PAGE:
Multimedia (Web only)
I recently went travelling to see a 13th century mosaic of Jonah being eaten by a whale (that bible story) in a church in Italy. I was away for nearly two months, visiting museums, galleries, churches, looking at medieval manuscripts, reading Moby Dick... mostly underwater themed, I guess. I was on a sea voyage.
The one artwork I made during this time was a performance. I lip-sync some marine poems and drink a bottle of water to a video I took at an aquarium of an eel with its mouth gulping open and closed like a metronome. It turned out to be such a quick slip of a work - five minutes of eel standup - but there's all this other stuff under it, or around it, who-knows-how-much-time looking and thinking and reading and writing and drawing. It's an iceberg approach, where 90% of the work disappears, the eel buoyed up by a hidden weight of material.
And my question is: what is this stuff? The things the eel is floating on, or in - the things that are hidden. Does it somehow still reside in the artwork? Is it where ideas get translated from one thing to another, the belly of the whale where Jonah gets converted? Is it just the ballast that gives light gestures weight, or does it hold up as something on its own?
So here I want to make visible, or air out, some of the marginalia around the eel - the research notes and doodles I drew on my travels that are swimming around this performance. I want to see what they do when they are the focus and the eel is invisible. It's an attempt to see what happens when you get to an iceberg and duck underwater instead.
A bus driver harpooning bags in the depths of the coach’s belly
Seriously, long wooden handle with a black double hooked end
Stabbing away in there and pulling their fat bodies out one by one
fragment of a marine wall painting, 125-150BC, Rome
The fish look like still life, freshly dead, mouths slackly open, hovering above the water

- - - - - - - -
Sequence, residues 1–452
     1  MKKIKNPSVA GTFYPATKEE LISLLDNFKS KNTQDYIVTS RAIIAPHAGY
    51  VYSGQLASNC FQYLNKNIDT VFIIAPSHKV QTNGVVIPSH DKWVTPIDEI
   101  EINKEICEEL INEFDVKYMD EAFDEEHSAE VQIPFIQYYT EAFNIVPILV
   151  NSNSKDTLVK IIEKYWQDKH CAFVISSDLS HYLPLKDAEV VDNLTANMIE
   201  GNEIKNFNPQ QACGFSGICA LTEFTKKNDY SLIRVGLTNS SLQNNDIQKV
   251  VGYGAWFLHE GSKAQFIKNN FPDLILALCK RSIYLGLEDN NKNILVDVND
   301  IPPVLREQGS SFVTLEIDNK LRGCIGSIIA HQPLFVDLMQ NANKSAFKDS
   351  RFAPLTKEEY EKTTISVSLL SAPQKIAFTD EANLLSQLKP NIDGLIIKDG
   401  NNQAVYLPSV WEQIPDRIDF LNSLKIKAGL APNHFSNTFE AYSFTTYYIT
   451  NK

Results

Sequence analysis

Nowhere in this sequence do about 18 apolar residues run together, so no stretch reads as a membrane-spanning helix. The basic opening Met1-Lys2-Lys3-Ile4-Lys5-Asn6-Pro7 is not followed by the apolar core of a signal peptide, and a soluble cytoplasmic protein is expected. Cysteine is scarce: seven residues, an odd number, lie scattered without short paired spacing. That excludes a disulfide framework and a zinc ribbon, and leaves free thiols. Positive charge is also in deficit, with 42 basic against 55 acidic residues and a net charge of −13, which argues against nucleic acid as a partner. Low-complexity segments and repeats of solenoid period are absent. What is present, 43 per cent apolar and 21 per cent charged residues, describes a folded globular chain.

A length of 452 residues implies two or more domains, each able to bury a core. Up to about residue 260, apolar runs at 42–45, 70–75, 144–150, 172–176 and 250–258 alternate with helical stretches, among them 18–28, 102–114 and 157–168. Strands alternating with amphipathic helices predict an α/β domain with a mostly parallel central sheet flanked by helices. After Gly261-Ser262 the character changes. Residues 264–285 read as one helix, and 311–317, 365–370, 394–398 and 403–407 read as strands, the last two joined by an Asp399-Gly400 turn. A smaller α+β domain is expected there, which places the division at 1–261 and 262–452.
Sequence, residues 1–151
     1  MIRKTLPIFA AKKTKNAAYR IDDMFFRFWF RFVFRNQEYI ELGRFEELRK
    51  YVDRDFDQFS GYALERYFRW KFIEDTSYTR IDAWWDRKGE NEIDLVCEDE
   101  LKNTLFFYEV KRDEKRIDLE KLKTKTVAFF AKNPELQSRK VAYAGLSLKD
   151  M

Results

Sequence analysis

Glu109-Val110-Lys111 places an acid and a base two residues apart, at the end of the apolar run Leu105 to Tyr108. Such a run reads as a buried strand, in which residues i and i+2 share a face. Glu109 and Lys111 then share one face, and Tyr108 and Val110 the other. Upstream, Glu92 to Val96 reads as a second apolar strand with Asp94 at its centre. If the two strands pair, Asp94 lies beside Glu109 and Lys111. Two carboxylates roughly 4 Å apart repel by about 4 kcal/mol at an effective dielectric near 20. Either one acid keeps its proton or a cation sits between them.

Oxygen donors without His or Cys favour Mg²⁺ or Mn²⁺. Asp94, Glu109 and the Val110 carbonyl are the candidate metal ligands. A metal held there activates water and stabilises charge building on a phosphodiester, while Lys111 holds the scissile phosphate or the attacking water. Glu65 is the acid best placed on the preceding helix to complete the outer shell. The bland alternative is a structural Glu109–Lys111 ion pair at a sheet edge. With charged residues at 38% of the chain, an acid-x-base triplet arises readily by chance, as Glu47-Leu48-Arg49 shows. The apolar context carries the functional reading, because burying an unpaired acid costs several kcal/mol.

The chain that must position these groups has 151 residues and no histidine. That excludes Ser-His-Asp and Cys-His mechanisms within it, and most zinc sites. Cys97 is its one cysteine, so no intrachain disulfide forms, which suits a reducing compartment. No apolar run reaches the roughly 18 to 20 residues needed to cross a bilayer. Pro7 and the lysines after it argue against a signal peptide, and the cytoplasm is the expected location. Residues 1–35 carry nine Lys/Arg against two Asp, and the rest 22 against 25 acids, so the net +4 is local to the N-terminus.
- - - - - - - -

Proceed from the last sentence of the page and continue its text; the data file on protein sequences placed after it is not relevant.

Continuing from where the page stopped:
The octopus has a dent in its head - on the surface of the actual wall
a concave hollow with the muscly yield of boneless things,
but cracks radiate out from it.
Only the dolphin looks keen-eyed, purposeful,
long writhing tail and a platypus beak
It’s being ridden by a faceless man in a rodeo attitude, gripping its sides with his knees,
leaning back as it arches under him, pulling on two red ribbon reins that emerge from under its fanlike fins.
The shells are oval and redly smiling
The black anemones look like scratched out mistakes
There are two small fish painted on the side of one of the boats.
13th century stone urn-type thing with two-tailed mermaids, four of them, ranged around the outside, each grasping their own bifurcated fish legs, one in each hand. I’m thinking about Alexander the Great’s mermaid sister Thessalonike of Macedon, how she’s always shown alone, and how these fishwomaen are almost touching, daisy-chain/paper doll style, all around the vessel.
gin & molasses
canticle in a fish’s belly
I’m trying to record the sound of this 13th century mosaic of Jonah being eaten by a whale from the perspective of my stomach
I’ve listened to it
it just sounds like a muffled church
Some kind of moray eel standup, lip-synced to the movement of the eel’s opening and shutting jaws
pause for laughter
Little jellyfish on the surface
You make me nervous
Let me just take a sip of water
one minute of uninterrupted gulping
Letter: I am in a palatial Indian restaurant, full after greedily over-ordering, drinking rose and slightly tipsy due mostly to lack of sleep, after visiting ancient Roman baths and sitting at the edge of the warm water on 2000 year-old steps, steam rising in the dark, thinking about how many of the employees must have snuck there after-hours and illicitly bathed, while a tour guide told a story about a statues of Julius Caeser disappearing one night and then finding him in pieces on the bottom of the pool.
Julius Caeser went missing
they drained the bath, it took a few days,
they found him in pieces on the bottom
Melissa Deerson works across various artforms, often exploring the interaction between society and the natural world. Notes from underwater draws from the research, notes and doodles that she made during an extended trip through Italy and Europe that resulted in the artwork Five minutes with a moray eel (2016).